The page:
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Accurate Estimations of Powerful Trends Leads to Profitable Progress

Mar 18, 2008
"The future isn't what it used to be."
--Variously ascribed

This article points out that knowing about the existence of irresistible forces, getting organized to deal with them, and seeking advantages from them is not enough to achieve breakthrough gains and irresistible growth. By being aware of the degree and frequency of each force's volatility, you select relationships with just the right irresistible forces as well.

It's that comprehension, stimulated by the contents of this article, that will enable you to choose which irresistible forces to pursue and which to avoid to your best advantage.

Underestimation is a stall (a bad thinking habit that delays progress) that is unique to those who are adept at identifying and seeking out advantages from irresistible forces. Before learning the irresistible force management process, you need to be aware of this potentially most dangerous of all stalls.

Irresistible forces are not only powerful, they are usually also volatile. This combination of power and volatility make for a very difficult management environment, even for those who pay a great deal of attention to taking full advantage of irresistible forces.

Remember that however good your navigation skills, some boats are simply too insubstantial to weather the most severe of storms. Pursuing irresistible forces that you think you can handle, but cannot, will often be your organization's worst possible choice, because you are unwittingly courting disaster. Those who focus on irresistible forces that are less powerful and less volatile will have a large advantage in achieving the full benefits of being an irresistible growth enterprise.

American International Group (AIG) is one of the world's most successful insurers as measured by growth and profitability. Much of its new revenues have come outside the United States, over a span of many decades.

At a time when many saw worldwide insurance markets as limited in size and too risky, AIG realized that the potential volatility could be managed as long as excess competition did not occur in the markets it entered. In the United States, there are major profit cycles in property-casualty insurance that involve rotating from taking on excess risk at too-low prices selling with firmer prices for taking on much less risk. Having a large number of tough competitors forces insurers to take on this challenge.

AIG found that in many non-U.S. markets in the past, the government regulators were quite concerned that insurers stay solvent. To help this be the case, the regulators kept the number of licenses for competitors quite small.

Thus, before considering the inherent volatility of the local market, the competitive sources of profit cycles were much weaker than in the U.S. As a result, AIG benefited from two irresistible forces that could help it -- both limited competition and more rapid growth in the local economies it selected.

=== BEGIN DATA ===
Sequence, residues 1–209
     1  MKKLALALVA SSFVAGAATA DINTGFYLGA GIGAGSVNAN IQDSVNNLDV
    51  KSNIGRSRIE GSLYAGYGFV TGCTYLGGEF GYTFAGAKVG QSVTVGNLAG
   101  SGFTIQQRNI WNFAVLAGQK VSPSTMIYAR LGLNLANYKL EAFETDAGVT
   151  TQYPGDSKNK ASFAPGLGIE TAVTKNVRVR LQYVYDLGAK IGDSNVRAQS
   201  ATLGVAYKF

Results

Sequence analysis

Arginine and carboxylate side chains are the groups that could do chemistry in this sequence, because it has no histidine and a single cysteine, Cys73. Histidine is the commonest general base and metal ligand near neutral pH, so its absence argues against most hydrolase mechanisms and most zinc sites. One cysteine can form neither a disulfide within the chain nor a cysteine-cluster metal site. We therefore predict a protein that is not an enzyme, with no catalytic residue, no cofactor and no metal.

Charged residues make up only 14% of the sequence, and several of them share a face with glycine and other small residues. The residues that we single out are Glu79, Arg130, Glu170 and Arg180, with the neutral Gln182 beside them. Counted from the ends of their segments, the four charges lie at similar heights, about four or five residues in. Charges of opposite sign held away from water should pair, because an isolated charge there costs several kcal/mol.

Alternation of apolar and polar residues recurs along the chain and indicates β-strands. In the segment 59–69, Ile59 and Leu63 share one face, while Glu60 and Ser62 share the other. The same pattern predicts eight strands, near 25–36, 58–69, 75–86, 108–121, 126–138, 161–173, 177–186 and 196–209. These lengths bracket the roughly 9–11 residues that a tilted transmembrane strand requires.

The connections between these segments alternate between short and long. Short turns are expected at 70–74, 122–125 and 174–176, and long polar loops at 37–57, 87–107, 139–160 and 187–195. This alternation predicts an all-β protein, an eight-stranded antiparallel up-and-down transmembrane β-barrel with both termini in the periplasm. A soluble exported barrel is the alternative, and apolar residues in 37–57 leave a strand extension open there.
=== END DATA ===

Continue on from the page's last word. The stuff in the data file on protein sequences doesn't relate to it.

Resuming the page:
A less careful organization could have looked at the same situation after World War II and chosen instead to go after the fastest growing countries, without considering the likelihood of growing competition. The fastest growth countries, all things being equal, will probably have the fastest rate of new competitive entrants and experience the widest swings in local economic growth.

This combination could be lethal to an insurer's solvency if the forces coincided in too many countries at the same time. AIG did not have to worry about that problem.

If local regulation turned against such controlled competition, the company had plenty of warning and enough time to reduce its position. It could merely sail ahead in the relatively calmer seas of favorable regulation, enjoying the tail winds of both forces.

Similarly, if a pole has lots of grease on it, few people can climb very far up it. But give them another choice for getting to the top, like using a crane, and they can do fine.

In the same way, your choice of irresistible forces to pursue and avoid for your advantage will play an enormous role in your future success. You need to carefully match your resources to the challenges you will face. This is your most important strategic decision as an irresistible growth enterprise.

Yet, in choosing irresistible forces as environmental partners, many companies will err by underestimating what could happen. A frequent cause of this mis-evaluation is a too heavy reliance on historical patterns of fluctuation, rather than analysis of the potential for future fluctuation in degree and frequency.
About the Author
Donald Mitchell is an author of seven books including Adventures of an Optimist, The 2,000 Percent Squared Solution, The 2,000 Percent Solution, The 2,000 Percent Solution Workbook, The Irresistible Growth Enterprise, and The Ultimate Competitive Advantage. Read about creating breakthroughs through 2,000 percent solutions and receive tips by e-mail by registering for free at

http://www.2000percentsolution.com .
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